Giving 10% of your income to effective charities can make an incredible difference to some of the most deprived people in the world. But what effect will giving have on you? You may be concerned that it will damage your quality of life and make you less happy. This is a perfectly reasonable concern, and there is no shame in wanting to live a full and happy life.
The good news is that giving can often make you happier. It is no secret that altruism can help us to feel good about ourselves, and this is now backed up by MRI scans which show this “warm-glow effect” in the reward centres of the brain.
Experiments have been conducted in which a group of people are given money, and half of them are required to spend it on themselves while half are required to spend it on other people. Contrary to their own expectations, the half who spent the money on others consistently get more pleasure out of the experience than their non-altruistic colleagues.
On a wider level, a 2010 study considered survey data from 136 countries to see whether people who answered yes to the question "Have you donated money to charity in the last month?" were happier overall. A clear correlation was found In 122 of the countries; in fact, on average it was found that donating to charity had a similar impact on happiness to household income doubling!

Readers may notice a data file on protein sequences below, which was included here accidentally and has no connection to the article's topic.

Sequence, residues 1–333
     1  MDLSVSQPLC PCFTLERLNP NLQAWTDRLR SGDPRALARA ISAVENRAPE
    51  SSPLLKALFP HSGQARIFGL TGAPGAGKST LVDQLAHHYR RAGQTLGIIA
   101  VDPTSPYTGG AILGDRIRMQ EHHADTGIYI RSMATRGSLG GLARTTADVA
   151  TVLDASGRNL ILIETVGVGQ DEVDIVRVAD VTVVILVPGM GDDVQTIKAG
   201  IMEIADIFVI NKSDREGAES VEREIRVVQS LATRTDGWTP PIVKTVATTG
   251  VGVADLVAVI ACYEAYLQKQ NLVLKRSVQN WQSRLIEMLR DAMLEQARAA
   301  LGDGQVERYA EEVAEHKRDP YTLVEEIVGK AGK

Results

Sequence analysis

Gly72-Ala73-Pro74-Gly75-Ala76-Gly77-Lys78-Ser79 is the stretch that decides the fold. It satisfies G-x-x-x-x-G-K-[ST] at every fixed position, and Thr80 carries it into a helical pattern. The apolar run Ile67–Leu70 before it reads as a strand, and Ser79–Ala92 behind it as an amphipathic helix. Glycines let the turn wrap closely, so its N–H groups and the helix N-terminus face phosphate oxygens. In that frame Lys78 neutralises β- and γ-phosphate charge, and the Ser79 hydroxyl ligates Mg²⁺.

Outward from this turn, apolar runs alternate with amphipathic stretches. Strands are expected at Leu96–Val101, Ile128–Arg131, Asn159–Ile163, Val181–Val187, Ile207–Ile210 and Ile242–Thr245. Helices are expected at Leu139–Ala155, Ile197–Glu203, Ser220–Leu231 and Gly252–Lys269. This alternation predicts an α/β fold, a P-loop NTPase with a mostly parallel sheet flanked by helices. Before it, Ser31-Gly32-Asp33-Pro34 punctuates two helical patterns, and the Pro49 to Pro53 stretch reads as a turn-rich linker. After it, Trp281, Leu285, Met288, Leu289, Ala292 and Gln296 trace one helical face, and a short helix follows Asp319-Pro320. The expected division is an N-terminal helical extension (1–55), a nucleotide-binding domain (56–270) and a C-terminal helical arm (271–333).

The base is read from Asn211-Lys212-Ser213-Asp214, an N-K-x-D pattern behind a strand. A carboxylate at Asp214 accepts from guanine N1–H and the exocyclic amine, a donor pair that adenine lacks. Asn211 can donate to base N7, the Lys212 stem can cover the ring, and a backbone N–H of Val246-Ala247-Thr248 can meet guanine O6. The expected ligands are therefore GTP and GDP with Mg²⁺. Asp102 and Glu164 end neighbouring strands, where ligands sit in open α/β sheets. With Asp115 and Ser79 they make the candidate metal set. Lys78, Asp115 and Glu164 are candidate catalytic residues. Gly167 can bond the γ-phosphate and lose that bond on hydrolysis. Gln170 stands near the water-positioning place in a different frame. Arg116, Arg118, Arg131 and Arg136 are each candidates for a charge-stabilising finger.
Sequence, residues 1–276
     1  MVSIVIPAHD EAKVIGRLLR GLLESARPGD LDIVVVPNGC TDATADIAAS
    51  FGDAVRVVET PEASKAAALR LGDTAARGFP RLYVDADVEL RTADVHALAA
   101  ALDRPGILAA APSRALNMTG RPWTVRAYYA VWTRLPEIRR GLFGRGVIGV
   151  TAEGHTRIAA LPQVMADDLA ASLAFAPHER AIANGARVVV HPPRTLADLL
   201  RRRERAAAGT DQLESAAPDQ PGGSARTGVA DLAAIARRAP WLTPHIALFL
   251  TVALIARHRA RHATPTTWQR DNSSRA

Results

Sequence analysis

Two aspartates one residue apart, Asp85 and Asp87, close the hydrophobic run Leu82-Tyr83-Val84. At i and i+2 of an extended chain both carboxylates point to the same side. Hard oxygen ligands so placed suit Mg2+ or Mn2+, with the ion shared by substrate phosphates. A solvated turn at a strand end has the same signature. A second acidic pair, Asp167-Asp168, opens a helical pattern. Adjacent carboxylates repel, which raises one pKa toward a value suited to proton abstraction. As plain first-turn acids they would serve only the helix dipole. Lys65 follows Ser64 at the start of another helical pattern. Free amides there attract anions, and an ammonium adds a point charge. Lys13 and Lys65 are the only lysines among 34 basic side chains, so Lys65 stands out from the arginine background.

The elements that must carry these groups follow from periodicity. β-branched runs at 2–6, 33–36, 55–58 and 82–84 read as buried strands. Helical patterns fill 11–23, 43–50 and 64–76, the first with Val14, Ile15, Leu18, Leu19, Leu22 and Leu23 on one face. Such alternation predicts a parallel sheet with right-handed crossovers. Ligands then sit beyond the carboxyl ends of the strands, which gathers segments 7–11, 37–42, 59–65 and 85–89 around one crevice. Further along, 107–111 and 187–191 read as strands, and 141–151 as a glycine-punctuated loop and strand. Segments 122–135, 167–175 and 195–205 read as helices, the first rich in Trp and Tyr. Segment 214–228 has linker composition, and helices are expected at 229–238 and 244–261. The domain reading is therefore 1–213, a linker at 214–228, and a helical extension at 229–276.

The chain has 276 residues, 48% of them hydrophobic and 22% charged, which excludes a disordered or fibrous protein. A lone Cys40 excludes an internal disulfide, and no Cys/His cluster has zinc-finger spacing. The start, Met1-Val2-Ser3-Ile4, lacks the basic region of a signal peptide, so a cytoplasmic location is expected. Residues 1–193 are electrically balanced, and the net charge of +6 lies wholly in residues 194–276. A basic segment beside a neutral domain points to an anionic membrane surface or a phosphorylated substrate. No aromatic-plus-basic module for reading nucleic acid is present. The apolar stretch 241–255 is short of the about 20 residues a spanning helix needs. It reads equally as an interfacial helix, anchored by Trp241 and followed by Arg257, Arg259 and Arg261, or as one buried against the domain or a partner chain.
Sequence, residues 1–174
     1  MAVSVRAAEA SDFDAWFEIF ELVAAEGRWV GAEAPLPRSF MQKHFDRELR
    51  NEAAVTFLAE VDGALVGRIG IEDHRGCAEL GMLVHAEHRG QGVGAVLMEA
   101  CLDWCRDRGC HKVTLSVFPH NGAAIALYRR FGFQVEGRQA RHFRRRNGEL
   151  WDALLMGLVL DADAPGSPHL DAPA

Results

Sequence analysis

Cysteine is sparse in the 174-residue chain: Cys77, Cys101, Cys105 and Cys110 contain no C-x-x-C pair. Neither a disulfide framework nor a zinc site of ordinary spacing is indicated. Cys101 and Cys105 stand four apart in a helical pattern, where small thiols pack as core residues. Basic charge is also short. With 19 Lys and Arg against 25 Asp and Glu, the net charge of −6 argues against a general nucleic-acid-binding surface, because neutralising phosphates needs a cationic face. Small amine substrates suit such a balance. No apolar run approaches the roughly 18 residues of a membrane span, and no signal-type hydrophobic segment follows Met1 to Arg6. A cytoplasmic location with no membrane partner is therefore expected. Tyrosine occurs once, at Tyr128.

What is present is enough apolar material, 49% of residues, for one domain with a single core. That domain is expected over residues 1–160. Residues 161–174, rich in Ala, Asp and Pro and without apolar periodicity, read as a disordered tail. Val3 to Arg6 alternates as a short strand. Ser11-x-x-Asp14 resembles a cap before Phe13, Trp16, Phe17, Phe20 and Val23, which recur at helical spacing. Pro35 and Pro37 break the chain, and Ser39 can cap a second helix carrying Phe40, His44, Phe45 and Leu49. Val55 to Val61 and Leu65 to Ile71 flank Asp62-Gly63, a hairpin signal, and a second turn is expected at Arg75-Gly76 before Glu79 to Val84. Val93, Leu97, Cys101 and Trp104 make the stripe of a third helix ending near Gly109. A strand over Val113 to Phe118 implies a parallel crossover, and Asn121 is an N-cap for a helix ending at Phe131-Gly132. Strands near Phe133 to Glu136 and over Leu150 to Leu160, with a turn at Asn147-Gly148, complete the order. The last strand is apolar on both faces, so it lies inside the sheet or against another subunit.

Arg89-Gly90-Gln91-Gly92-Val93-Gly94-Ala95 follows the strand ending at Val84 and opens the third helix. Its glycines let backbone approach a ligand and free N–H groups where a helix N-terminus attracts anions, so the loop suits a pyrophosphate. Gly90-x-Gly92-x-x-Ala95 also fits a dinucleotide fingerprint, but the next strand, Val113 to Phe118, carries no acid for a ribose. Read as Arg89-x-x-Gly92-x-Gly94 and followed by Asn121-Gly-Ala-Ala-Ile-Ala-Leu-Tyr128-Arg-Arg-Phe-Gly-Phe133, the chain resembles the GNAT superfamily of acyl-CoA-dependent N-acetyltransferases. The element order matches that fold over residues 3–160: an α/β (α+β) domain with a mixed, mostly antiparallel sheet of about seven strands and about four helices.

And this evidence is borne out in the testimony of Giving What We Can members. Giving 10% to effective charities is generally an extremely positive experience, giving you the satisfaction of knowing that you are making a genuine difference in the world.
If you're ready to get started, you can join us today. If you’re not ready for that, sign up with us to Try Giving, which allows you to choose how much of your income to give, and for how long. Or, for other ways to help, see our page on Getting Involved.
You can learn more about these issues by viewing the following TED presentation, in which Michael Norton of Harvard Business School discusses surveys and experiments which suggest that spending money on others makes people happier than spending it on themselves.
- Aknin, Lara et al (2010). "Prosocial Spending and Well-Being: Cross-Cultural Evidence for a Psychological Universal", Harvard Business School Working Paper 11-038.
- Dunn, Elizabeth et al (2008). "Spending Money on Others Promotes Happiness", Science 319.
- Harbaugh, William et al (2007). "Neural responses to taxation and voluntary giving reveal motives for charitable donations", Science, 316